The Song-bird And The Healing Waters
: Canadian Fairy Tales
Once when the snow lay very deep on the ground and the days were grey
with frost, there was great sorrow in an Indian village. A dreadful
plague had come upon the place and had carried away many of the
people. Neither old nor young were proof against its ravages, and the
weak and the strong fell helpless before its power. The people tried
every means to get rid of the plague, but they had no success. And
y prayed to all their good spirits to help them, but no help came.
In the tribe was a young warrior who had lost his parents and all his
brothers and sisters because of the dreaded disease. Now his young
wife fell sick, and he was in great sorrow, for he thought that she
would soon follow his parents into the Land of the Shadows. And so he
went about in great fear, not knowing when the end would come.
One day he met an old woman in the forest. "Why do you look so
sorrowful?" she asked him. "I am sad because my young wife is going to
die," he answered; "the plague will carry her off like the others."
But the old woman said, "There is something that will save your wife
from death. Far away in the East is a bird of sweet song which dwells
close to the Healing Waters. Go until you find it. It will point you
to the spring, the waters of which alone can heal." And the young man
said, "I must find the Healing Waters. Wherever they may be upon the
earth, I must find them." So he went home and said good-bye to his
friends, and set out eastward on his quest.
All the next day he searched eagerly for the Waters, listening always
for the bird of the sweet song. But he found nothing. The snow lay
deep in the forest and he moved along with difficulty. He met a rabbit
in his path and he said, "Tell me where I shall find the Healing
Spring?" But the rabbit scurried away over the snow and made no
answer. Then he asked a bear, but he met with the same rebuff. Thus
for many days and nights he wandered on, crossing rivers and climbing
steep hills, but always without success.
Then one day he emerged from the snow country and came to a land where
the airs were warmer and where little streams were flowing. Suddenly
he came upon the body of a dead man lying across his path. He stopped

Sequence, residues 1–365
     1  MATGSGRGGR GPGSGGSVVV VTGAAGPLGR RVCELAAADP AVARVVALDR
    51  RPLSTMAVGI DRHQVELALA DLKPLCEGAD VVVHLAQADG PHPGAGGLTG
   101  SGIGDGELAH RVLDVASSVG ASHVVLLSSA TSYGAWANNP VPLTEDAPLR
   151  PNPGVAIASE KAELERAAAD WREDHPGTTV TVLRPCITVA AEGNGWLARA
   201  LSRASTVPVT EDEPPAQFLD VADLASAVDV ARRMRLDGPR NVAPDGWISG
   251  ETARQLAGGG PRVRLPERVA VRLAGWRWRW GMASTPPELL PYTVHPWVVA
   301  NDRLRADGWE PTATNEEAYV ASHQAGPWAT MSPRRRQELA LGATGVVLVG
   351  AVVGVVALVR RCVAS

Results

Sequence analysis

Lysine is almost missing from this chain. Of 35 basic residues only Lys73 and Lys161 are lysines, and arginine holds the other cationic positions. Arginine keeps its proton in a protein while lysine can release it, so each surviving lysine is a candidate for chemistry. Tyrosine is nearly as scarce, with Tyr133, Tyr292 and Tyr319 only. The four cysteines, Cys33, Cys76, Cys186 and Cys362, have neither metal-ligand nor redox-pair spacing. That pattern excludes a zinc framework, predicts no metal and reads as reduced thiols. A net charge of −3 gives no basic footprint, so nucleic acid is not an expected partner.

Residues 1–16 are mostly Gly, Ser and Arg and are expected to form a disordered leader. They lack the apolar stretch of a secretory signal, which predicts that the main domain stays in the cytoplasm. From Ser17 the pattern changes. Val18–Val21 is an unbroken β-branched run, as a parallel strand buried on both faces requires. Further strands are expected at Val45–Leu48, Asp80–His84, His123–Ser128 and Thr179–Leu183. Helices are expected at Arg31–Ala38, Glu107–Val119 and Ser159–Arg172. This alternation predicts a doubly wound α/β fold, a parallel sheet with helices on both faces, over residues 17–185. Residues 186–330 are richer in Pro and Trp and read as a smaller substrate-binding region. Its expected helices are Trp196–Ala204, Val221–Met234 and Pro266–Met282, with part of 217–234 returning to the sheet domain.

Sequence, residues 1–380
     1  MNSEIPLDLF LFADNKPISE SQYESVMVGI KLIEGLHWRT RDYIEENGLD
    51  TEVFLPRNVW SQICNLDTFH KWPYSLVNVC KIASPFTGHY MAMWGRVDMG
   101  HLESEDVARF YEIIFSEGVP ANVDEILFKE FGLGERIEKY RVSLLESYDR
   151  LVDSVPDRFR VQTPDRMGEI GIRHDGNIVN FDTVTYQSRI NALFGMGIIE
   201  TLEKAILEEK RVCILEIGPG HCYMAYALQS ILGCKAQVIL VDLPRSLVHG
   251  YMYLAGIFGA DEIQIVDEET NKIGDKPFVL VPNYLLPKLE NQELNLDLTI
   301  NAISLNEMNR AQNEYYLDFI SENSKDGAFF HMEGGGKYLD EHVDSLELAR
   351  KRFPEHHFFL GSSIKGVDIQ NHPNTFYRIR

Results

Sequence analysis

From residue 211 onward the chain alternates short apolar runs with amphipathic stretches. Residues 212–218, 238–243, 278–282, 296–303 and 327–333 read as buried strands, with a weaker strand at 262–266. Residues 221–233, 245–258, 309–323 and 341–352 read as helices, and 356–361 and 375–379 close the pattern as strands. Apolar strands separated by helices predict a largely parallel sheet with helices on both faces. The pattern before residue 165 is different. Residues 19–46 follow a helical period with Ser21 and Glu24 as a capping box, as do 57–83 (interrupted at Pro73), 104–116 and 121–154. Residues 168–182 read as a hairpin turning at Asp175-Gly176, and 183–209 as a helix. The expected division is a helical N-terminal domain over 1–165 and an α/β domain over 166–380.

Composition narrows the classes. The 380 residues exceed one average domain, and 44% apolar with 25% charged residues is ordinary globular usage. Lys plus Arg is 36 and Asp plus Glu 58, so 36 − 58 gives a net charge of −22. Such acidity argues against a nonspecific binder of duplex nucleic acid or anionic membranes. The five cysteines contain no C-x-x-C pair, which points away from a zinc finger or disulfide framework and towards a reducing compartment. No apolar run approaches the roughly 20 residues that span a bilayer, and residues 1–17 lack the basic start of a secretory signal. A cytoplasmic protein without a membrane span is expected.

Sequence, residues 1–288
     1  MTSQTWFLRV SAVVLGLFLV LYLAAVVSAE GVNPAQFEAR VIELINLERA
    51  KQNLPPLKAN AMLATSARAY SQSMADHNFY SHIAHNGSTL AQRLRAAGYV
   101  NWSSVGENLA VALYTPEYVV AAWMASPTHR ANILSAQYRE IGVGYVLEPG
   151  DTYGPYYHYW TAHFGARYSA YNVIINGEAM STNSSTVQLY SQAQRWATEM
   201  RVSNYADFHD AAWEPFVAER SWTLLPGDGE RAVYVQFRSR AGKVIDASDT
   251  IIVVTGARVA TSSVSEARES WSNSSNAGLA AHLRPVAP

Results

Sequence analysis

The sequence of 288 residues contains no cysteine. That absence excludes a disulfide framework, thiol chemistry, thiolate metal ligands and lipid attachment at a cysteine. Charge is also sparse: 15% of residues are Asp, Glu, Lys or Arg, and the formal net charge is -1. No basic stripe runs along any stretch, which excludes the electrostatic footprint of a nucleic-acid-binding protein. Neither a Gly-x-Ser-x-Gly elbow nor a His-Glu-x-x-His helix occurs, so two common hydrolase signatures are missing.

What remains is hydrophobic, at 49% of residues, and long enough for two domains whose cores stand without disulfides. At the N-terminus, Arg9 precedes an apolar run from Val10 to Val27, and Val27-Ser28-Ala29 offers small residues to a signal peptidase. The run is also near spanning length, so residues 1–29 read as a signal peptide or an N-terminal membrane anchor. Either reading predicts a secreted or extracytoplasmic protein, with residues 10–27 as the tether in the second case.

and buried the body, for he thought that it was not right to leave it
lying bare upon the ground for the birds to peck at. That night as he
went along in the moonlight he met a Fox in his path. "Hello," said
the Fox. "What are you looking for so late at night in the forest?"
And he answered, "I am looking for the bird of the sweet song, who
will show me the way to the Healing Waters." And the Fox said, "I am
the spirit of the man you buried yesterday by the forest path, and in
return for your kindness to me I shall do a kindness to you. You have
always been good to the animals and the birds, and you have never
killed them needlessly, nor when you did not require them for clothing
or for food. And you have always been careful of the flowers and the
trees, and you have often protected them from harm. So now they want
to be good to you, and I am going to guide you. But first you must
rest, for you are tired from your long journey."
Then the young man lay down to sleep and the Fox stood guard beside
him. As he slept he dreamed. And in his dream he saw his wife pale and
thin and worn, and as he looked he heard her singing a song of
wonderful melody. Then he heard a waterfall rippling near him and it
said, "Seek me, O warrior, and when you find me your wife shall live,
for I am the Healing Waters." In the morning the Fox led him but a
short distance through the forest and on the branch of a tree he heard
a bird singing a song of wonderful melody, just as he had heard in his
dream of the night before. He knew now that this was the bird of the
sweet song of which the old woman in the forest had spoken. Then, as
he listened, he heard the sound of a waterfall rippling not far away.
He searched for it, but he could not find it. And Fox said, "You must
seek it; you must not despair; it will not come to you unless you
search." So he searched again, and soon he thought he heard a voice
speaking beneath his feet. "Release us," it called, "set us free and
your wife and your people shall be saved." He seized a sharp stick and
dug rapidly into the earth where he had heard the voice. He worked
eagerly and quickly, and he had not dug far when the spring gushed
forth and boiled upwards carrying to the world its healing power. And
the young man knew that at last he had found the cure for his ills. He
plunged into the spring and bathed himself in the water, and all his
weariness left him and he was strong again.
Then the young man moulded from the soft earth a large pot. He baked
it in the fire until it was quite hard. "Now," said the Fox spirit, "I
will leave you. Your kindness has been rewarded. You will need me no
more, for you have found the Healing Waters." And he disappeared as
mysteriously as he had come. The young man filled his clay pot with
the sparkling water and hastened back to his home, running through the
forest with the speed of the wind, because of his renewed strength.
When he reached his native village, the people met him with sad faces,
for the plague was still raging and they told him that his young wife
was about to pass to the Land of the Shadows. But he hurried to his
home, and he forced some of the Healing Waters between his wife's
parched lips, and bathed her hands and her brow until she fell into a
deep slumber. He watched by her side until she awoke, and when sleep
left her she was well again. Then with his Healing Waters he cured all
the people in the village, and the cruel plague left them and there
was no more sickness in the land. And since that time no plague has
spread among his tribe. In this way the Mineral Springs, the places of
Healing Waters, came upon the earth, bearing health and happiness
wherever they rise, and accompanied always by the songs of birds.